The Tennessee Volunteers are just weeks away from opening their spring practice season, but they’ll have to proceed through spring practice without a handful of players expected to make major contributions this fall.

According to an Associated Press report, Tennessee will be without defensive ends Derek Barnett and Kyle Phillips, defensive tackle Danny O’Brien, linebacker Darrin Kirkland, wideout Jason Croom and tight end Alex Ellis this spring due to a variety of injuries.

A handful of other players will be limited this spring to varying degrees, but the absence of the six aforementioned players will force the focus of Butch Jones and his coaching staff onto the team’s lesser-known role players.

The spring is the perfect time to build depth and develop a team’s reserves, and that’s exactly what Jones is going to be able to do this spring in Knoxville. With that in mind, here’s our list of the five players Tennessee should focus on developing the most in the coming weeks:

1. DT Shy Tuttle: One of eight four-star early enrollees from Tennessee’s 2015 recruiting class, Tuttle has as much to gain as anyone during the spring practice season. The 6-foot-3, 320-pound behemoth will get his first taste of college football, and he’ll do so while Barnett, Phillips and, O’Brien watch from the sideline with injuries. The Vols are deep along the defensive line, but injuries this spring will give Tuttle a greater number of reps with the first team, which will only benefit him and the team when the fall arrives and fellow freshmen like Phillips and Kahlil McKenzie are behind on the learning curve. If the Vols really focus on working with Tuttle, he could very well be game-ready by Week 1.

2. WR Josh Malone: As it stands, Malone might be Tennessee’s fourth- or fifth-best receiver, perhaps even its sixth-best wideout depending on how quickly four-star 2015 signee Preston Williams can get up to speed this summer. Malone was fifth on the team in receiving last season, and all four players in front of him are back for the 2015 season. However, with Williams still in high school for the spring and Croom sidelined with an injury, the coming weeks of practice could prove invaluable to Malone as he aims to cement a greater role in the offense this year. New offensive coordinator Mike DeBord and his staff can give Malone added attention, and if he responds well he could develop into a playmaker as a sophomore.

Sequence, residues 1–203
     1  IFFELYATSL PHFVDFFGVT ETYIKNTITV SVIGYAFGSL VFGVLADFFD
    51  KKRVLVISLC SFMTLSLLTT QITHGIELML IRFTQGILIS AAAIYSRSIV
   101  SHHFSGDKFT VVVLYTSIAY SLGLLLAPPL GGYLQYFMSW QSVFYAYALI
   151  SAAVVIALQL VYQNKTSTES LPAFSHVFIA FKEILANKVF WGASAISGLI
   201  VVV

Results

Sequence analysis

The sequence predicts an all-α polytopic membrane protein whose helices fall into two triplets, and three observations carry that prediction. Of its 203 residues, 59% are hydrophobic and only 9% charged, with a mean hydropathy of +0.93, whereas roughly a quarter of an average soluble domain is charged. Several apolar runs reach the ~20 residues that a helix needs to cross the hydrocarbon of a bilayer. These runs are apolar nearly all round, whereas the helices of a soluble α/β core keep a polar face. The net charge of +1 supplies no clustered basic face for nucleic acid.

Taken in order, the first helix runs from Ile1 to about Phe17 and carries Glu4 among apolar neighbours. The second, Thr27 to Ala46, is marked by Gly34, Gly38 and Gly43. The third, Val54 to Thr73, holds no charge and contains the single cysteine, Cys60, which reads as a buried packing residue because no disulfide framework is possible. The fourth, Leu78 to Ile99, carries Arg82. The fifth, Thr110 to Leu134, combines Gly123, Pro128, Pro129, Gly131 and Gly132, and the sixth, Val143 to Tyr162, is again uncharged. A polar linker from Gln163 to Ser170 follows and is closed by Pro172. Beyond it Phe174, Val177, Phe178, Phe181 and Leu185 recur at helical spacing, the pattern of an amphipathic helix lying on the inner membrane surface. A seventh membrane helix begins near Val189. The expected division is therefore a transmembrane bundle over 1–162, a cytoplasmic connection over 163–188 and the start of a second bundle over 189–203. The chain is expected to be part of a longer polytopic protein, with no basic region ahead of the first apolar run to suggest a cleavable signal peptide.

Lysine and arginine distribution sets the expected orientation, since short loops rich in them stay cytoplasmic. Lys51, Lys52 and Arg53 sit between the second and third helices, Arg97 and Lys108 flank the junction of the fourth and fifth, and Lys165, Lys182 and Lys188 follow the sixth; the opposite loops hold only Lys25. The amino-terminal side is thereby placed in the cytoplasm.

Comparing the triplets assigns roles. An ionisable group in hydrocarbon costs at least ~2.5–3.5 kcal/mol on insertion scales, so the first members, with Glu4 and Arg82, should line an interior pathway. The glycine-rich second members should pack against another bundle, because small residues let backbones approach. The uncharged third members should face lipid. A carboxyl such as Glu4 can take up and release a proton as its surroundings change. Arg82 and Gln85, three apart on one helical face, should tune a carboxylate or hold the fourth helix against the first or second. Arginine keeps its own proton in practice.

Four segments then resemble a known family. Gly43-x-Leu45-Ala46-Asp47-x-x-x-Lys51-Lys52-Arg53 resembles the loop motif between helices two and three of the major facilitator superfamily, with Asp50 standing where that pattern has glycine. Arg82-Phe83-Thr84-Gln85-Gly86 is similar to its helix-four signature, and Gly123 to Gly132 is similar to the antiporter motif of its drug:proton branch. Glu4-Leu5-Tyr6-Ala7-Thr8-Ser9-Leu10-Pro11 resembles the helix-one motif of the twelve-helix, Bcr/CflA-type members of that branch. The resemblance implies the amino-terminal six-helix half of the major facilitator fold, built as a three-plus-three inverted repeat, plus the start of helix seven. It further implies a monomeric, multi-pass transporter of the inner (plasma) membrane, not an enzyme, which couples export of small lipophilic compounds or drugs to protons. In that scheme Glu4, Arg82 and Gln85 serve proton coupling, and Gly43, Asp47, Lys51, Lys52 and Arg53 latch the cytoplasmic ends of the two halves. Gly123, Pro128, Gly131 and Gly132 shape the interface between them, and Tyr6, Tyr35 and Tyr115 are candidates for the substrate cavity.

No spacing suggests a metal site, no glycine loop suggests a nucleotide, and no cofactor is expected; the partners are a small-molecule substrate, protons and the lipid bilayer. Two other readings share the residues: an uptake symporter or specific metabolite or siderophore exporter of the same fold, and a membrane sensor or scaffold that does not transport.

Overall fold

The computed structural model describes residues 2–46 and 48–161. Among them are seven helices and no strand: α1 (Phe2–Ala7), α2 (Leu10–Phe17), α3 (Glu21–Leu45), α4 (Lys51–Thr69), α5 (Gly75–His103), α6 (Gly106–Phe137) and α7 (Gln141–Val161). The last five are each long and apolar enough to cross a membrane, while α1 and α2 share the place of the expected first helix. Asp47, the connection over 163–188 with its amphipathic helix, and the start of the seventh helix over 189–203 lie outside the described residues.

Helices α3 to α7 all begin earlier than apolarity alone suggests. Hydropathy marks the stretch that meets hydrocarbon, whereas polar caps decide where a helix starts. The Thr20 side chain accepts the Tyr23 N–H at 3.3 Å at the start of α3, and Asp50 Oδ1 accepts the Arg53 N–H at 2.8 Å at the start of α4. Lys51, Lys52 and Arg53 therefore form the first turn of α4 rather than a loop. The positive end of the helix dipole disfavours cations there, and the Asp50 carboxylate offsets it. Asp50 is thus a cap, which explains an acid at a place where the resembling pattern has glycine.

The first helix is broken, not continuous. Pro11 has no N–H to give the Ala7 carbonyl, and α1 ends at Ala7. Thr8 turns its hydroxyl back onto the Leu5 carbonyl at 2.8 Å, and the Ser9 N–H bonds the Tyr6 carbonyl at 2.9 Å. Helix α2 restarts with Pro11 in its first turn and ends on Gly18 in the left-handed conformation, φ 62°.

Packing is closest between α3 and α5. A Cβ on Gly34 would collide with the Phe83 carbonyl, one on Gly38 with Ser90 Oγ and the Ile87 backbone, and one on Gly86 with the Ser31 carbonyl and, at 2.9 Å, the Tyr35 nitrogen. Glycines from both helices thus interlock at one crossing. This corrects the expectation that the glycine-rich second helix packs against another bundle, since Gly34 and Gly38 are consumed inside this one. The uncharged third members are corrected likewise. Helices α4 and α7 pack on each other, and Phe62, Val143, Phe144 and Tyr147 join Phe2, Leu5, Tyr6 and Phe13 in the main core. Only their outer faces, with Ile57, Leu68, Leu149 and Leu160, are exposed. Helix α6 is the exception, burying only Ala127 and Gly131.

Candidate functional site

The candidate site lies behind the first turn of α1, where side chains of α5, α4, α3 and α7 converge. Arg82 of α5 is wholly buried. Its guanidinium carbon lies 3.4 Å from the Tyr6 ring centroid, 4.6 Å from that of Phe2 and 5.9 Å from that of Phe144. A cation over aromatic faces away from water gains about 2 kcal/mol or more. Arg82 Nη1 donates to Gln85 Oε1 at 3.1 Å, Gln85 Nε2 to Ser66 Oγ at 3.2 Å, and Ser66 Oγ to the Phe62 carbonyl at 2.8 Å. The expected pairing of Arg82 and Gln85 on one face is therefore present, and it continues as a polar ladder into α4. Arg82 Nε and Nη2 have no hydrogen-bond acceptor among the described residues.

3. TE Ethan Wolf: Wolf began his Tennessee career like gangbusters last fall, recording 13 catches in his first three collegiate games. However, he only caught 10 passes in the final nine games of his freshman season, fading out of the offense while battling nagging injuries throughout the year. Wolf is healthy again this spring, and he’s bigger and stronger as well. He said when he first arrived at UT he’d be fine with just blocking, but the added dimension he brings to the offense as a pass-catcher is too valuable to overlook. If DeBord and his staff really sink their teeth into developing Wolf’s role in the offense, the entire unit might benefit.

4. OT Jack Jones: Another of the four-star early enrollees, Jones has the potential to step in right away and play crucial snaps for Tennessee in the fall if he performs well this spring. At 6-foot-5 and 290 pounds as of National Signing Day, the offensive tackle already has the size to compete in the SEC, and he appears to have the raw talent as well considering he was among the 10 best tackles in the class. Once touted junior college transfer Dontavius Blair was unable to assume a starting role along a suspect offensive line last season, so if Jones puts in the work and picks up the offense quickly, there could be a spot for him right away. And if not, he’ll provide much-needed depth along the line, keeping the unit afloat should the injury bug make its presence felt during the season.

5. DL LaTroy Lewis: Lewis managed to make the most of limited snaps last season, recording five of his eight tackles on the year behind the line of scrimmage. He’ll continue to battle for time at a crowded position on the depth chart, but like Tuttle he’ll have the benefit of additional snaps this spring while players like Barnett and Phillips are out. Lewis brings experience the three four-star freshmen do not have, and he’s a savvy pass rusher when given opportunities. He may not earn a starting job, but could work his way to a bigger role in the Vols’ defensive line rotation this season.